A Brief Biography of Geoffrey Chaucer

By Tim Lambert

His Early Life

Geoffrey Chaucer was a great English writer of the 14th century. Chaucer was born between 1340 and 1343 but we don’t know the exact date. His father was a wine merchant in London. Little is known about the early life of Geoffrey Chaucer. He was first recorded in the year 1357 when he was employed by Elizabeth, Countess of Ulster.

Chaucer joined the campaign in France in 1359 and he was captured. (In those days it was normal to capture high-ranking people on the battlefield and charge a ransom for them.) At some point afterward Chaucer joined the king’s service. He traveled abroad several times including visits to Italy in 1373 and 1378.

By 1366 Geoffrey Chaucer was married to a woman named Philippa. The couple had two sons. They probably also had one or two daughters but the exact number of children they had is not known.

In 1374 Chaucer was made a customs official in London. The same year he was granted a gallon of wine daily although in 1378 it was changed to a money payment. Also in 1374, Chaucer was given a home over Aldgate in London, rent-free. However, in 1386 he moved to Kent. That same year Chaucer was elected an MP for Kent.

Chaucer the Writer

Meanwhile, his reputation as a poet was growing. Sometime in the 1380s, Chaucer wrote the poem Troilus and Criseyde. He also wrote The Legend of Good Women.

However, Geoffrey Chaucer is most famous for his work, The Canterbury Tales. They are a series of tales told by a group of pilgrims on their way to Canterbury. (In the Middle Ages people believed their sins would be forgiven if they went on journeys called pilgrimages).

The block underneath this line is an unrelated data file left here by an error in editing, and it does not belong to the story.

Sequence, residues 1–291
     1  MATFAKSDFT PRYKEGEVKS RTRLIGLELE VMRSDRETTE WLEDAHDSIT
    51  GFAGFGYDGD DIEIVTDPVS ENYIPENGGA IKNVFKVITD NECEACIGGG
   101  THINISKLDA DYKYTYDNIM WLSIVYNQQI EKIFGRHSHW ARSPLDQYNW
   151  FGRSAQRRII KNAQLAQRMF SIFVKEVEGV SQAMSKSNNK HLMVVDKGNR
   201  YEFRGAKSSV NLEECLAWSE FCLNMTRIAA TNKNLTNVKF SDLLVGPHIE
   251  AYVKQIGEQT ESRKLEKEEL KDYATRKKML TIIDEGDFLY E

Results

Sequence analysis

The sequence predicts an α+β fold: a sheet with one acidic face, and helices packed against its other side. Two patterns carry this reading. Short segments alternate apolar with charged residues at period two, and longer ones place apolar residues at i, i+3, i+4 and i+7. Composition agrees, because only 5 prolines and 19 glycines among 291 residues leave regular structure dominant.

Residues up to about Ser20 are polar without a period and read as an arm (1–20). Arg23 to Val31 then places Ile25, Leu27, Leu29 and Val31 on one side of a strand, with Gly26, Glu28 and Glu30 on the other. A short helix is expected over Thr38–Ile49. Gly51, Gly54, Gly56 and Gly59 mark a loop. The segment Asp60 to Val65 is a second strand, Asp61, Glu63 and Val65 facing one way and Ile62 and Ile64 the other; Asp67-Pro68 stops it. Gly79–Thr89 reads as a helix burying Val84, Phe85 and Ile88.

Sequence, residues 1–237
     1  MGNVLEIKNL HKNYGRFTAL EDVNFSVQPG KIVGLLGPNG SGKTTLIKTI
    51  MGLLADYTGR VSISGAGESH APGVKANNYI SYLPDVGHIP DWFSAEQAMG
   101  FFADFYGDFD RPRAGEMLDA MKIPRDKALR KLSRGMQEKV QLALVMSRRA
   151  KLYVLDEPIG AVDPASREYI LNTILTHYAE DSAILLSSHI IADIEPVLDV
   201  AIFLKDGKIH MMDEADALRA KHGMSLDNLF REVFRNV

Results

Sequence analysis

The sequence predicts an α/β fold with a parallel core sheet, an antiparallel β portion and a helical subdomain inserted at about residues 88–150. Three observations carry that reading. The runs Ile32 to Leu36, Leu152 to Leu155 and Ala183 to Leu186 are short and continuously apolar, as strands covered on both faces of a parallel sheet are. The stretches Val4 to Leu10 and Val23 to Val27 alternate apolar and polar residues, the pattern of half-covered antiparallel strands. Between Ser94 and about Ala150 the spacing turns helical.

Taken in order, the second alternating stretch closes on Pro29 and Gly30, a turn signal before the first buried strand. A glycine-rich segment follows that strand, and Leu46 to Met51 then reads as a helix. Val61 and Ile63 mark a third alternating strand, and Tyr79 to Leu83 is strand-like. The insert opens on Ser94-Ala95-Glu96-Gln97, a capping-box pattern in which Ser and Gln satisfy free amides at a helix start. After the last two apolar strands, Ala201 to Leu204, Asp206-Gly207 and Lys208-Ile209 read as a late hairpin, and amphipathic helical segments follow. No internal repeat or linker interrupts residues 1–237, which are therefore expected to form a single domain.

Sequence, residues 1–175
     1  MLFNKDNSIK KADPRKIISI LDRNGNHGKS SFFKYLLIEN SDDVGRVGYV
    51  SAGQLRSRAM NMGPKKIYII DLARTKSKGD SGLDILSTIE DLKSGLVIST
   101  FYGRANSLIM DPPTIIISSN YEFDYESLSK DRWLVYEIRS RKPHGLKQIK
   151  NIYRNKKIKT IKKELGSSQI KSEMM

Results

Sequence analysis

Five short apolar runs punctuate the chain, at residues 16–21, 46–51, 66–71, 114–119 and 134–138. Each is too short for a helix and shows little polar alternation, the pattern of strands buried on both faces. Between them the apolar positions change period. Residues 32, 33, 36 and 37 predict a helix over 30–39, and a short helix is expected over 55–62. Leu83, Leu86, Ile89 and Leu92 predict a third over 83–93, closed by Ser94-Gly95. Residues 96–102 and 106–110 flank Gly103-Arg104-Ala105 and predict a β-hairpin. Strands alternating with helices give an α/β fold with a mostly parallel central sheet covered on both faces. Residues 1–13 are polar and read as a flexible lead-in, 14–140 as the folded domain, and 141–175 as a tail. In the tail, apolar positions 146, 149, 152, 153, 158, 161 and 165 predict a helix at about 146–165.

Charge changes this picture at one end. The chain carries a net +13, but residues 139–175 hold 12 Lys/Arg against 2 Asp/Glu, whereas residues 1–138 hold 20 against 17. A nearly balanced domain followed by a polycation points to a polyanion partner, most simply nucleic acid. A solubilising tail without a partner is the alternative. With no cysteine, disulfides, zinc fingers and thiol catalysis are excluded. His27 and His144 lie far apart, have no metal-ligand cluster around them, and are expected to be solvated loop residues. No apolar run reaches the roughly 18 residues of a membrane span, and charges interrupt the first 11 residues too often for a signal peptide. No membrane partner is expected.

Chaucer also wrote a technical book called Treatise on the Astrolabe. (An astrolabe was an instrument used in astronomy).

Meanwhile, Chaucer held other posts. From 1389 to 1391 he was clerk of the king’s works, responsible for overseeing royal building projects. Then in 1391, Chaucer became Deputy Forester in the royal forest of Petherton Park in North Petherton in Somerset. Finally, in 1394 the king granted him a pension of 20 pounds a year (a considerable amount of money in those days).

Geoffrey Chaucer died in 1400. (The traditional date of his death is 25 October). The cause of his death is unknown. Chaucer was buried in Westminster Abbey.

There is a crater on the Moon named after Chaucer.